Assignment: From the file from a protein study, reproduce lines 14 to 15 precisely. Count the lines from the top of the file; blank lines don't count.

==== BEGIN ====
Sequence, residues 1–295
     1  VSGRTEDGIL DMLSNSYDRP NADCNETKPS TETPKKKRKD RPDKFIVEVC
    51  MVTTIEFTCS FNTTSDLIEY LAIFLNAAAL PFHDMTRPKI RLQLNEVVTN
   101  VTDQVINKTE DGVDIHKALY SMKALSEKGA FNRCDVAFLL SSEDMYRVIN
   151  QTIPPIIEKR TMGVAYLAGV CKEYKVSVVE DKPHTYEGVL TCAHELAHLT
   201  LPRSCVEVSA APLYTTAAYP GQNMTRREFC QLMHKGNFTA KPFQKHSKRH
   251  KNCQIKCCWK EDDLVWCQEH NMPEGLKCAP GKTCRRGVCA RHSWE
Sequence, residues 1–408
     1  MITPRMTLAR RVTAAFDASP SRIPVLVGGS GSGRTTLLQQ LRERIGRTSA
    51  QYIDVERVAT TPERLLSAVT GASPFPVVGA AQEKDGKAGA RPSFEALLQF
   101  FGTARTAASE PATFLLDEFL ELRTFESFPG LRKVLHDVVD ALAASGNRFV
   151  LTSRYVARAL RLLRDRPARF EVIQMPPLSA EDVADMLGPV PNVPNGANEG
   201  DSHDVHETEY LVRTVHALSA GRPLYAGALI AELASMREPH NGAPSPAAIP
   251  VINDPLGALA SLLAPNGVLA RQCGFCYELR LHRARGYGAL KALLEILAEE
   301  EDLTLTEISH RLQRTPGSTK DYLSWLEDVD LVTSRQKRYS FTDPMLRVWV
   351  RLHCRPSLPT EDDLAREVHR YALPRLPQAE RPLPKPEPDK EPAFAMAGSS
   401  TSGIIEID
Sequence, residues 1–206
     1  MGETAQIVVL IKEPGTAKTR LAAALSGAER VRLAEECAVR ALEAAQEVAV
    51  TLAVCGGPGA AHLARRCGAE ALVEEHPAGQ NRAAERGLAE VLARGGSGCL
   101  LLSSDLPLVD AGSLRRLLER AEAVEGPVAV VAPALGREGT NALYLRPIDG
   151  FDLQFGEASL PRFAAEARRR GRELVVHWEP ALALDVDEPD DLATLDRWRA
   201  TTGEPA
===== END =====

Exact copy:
   251  VINDPLGALA SLLAPNGVLA RQCGFCYELR LHRARGYGAL KALLEILAEE
   301  EDLTLTEISH RLQRTPGSTK DYLSWLEDVD LVTSRQKRYS FTDPMLRVWV